Dave Porter at Star Ranch/Chapter 16



Arriving at the bridge, Sid Todd told Dave to halt, and the pair dismounted. As they did so they heard a sound in the bushes beside the stream. They looked in the direction, but saw nobody.

The cowboy had drawn his pistol, and with this in hand he walked closer to the bridge. His eyes were on the planking, and presently he uttered an exclamation:

"The rascals!"

He pointed to two of the planks, and Dave saw that they were loose and so placed that the slightest jar would send them down into the stream.

"Do you think those men I just saw did this?" questioned Dave.

"Certainly they did! They ought to be hung for it, too!" answered the cowboy, wrathfully.

"But what for—to cripple our horses?"

"Either that, or to cripple us. Dave, we've got to be on our guard. If those hoss-thieves are watching us——"

"I don't think they were horse-thieves, Todd."

"You don't? Then——" The cowboy broke off into a low whistle. "Do you mean to say Link Merwell would play such a dirty trick?"

"Yes, I do. You haven't any idea how that fellow hates me."

"Hum!" mused Sid Todd. "Well, maybe, but I thought it must be the hoss-thieves."

"Why would horse-thieves want to hurt our horses?"

"They wouldn't want to do that, but they might be thinking our horses would fall and throw us. But I see that reasoning is weak. Maybe it was young Merwell—and Hank Snogger. If it was, they ought to be punished good an' proper, hear me!" went on the cowboy, with emphasis.

"I am going to look around the bushes," went on Dave, determinedly.

"Look out that you don't get into trouble, son. Anybody who would do this would do worse."

Dave had seen a heavy stick lying beside the road, and arming himself with this, he walked to the bushes and around them. In the soft soil he made out a number of hoof-prints, and he called Todd's attention to these.

"On hossback, both of 'em," said the cowboy, after an examination. "Dave, you was right," he announced, a little later. "It must have been Merwell and Snogger, fer see, they have taken the old trail along the river. That leads to another trail that runs to the Merwell ranch."

"Well, they are gone, that's certain," answered the youth, after another look around. "We may as well be on our way. But we ought to mend the bridge."

"We'll do that, an' post a warning, too," said the cowboy.

Not without difficulty, they managed to fasten the planks into place once more. Then, at either end of the rickety structure, they set up a stick in the road.

"That's the usual warning in this country," explained Todd. "It means 'Go slow and look out.'"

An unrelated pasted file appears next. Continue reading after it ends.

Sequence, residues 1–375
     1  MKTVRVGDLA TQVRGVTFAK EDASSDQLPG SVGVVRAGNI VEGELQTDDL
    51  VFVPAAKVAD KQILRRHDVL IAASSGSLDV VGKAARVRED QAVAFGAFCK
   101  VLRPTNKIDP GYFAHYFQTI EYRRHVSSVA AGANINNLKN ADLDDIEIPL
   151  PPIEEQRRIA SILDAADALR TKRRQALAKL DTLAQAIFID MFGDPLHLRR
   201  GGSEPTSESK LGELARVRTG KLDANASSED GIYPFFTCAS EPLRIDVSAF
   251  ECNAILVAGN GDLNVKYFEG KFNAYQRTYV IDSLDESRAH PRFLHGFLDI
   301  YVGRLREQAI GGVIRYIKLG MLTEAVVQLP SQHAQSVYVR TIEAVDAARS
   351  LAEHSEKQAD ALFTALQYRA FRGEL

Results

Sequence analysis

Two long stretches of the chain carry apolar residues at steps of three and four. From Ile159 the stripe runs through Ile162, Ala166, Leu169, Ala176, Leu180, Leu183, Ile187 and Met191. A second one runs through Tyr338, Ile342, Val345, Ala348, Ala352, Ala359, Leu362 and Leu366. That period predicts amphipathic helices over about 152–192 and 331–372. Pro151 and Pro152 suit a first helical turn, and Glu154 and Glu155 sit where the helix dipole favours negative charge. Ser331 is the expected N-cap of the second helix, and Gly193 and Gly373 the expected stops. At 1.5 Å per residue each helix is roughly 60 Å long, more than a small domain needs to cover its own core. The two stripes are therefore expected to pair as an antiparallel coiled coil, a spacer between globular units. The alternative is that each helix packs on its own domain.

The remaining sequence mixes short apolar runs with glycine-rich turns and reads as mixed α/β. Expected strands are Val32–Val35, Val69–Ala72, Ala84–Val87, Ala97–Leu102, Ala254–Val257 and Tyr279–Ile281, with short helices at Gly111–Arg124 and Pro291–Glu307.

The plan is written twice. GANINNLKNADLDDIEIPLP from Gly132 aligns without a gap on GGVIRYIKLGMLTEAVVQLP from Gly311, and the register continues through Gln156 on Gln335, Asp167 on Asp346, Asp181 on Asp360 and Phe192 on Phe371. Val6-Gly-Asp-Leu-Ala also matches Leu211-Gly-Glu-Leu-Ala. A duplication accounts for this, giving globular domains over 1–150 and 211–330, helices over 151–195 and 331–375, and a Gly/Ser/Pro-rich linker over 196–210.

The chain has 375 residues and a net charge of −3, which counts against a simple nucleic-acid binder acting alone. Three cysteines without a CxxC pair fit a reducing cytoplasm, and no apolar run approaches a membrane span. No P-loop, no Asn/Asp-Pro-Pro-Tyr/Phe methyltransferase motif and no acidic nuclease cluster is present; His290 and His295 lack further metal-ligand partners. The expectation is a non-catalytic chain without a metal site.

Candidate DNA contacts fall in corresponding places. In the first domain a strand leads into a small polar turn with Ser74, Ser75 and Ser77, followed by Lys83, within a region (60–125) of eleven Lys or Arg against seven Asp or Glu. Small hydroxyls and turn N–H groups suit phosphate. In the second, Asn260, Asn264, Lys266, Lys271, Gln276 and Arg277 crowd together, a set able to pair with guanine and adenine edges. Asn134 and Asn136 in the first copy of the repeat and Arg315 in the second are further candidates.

When the pair arrived at Star Ranch they found the boys and girls waiting for them.

"You must have walked back," said Belle. "We have been waiting for you ever since we heard the locomotive whistle."

"Oh, we had to stop to fix the bridge," answered Dave, and then handed around the letters, which instantly claimed attention, so no more questions were asked. Then the Crumville youth had supper, and by that time it was late enough to go to bed.

"You've got a cut on your cheek, Dave," said Phil, when the three boys were undressing. "Did you scratch yourself?"

"Thereby hangs a tale, Phil," quoted Dave, and then, in a low voice, told of the encounter at the railroad station, and gave the true particulars of the trouble at the river.

"It's the same old Link!" murmured Roger. "We'll have to watch out for him!"

"I really think the girls ought to be warned," said Phil. "There is no telling what mean thing Link might do—if he met them alone."

"Well, we don't want to frighten them," answered Dave.

"Better frighten them than give Link the chance to annoy them," answered the senator's son.

"Say, I wish I had seen you polish off Link!" cried Phil. "It would have done my heart good. I'll wager he was as mad as he could be!"

"Oh, he was mad enough," replied Dave, with a grim smile. "But say, when you get the chance, I want you to look at that Hank Snogger. He looks like somebody I've met somewhere, but for the life of me I can't place him."

"Is he handsome?" quizzed the shipowner's son.

"No, he looks melancholy—as if he had something on his mind. It's a peculiar face, and for the life of me I can't get it out of my mind."

Several days passed and nothing of importance happened. The boys and girls enjoyed themselves thoroughly, and the Endicotts did all in their power to make the visitors feel at home. At first, Jessie was inclined to be a little shy, but soon this wore away and she felt as happy as anybody.

"It certainly is a splendid spot," said she to Dave. "I don't wonder Laura was anxious to get back, and to have you see it."

"It suits me—I wouldn't ask for a better vacation, especially"—Dave dropped his voice a little—"with you along, Jessie."

"Oh, Dave!" she cried, and blushed.

"It wouldn't be half so much fun if you hadn't come along, Jessie," he went on. "I am very, very glad that we are here—together."

"Well, so—so am I," answered the girl, and then, still blushing, she ran off to join Belle and Laura. But the look she gave Dave warmed his heart as it had never been warmed before.

Sunday passed, with a little home service, in which all those in the house and also a few of the cowboys joined. The boys and girls sang some of the familiar church songs, and this the cowboys greatly enjoyed.

"We don't git much in the way of entertainment here," explained Sid Todd, "and that singin' sounds mighty good to us. It touches a fellow here, too," he added, with his finger over his heart.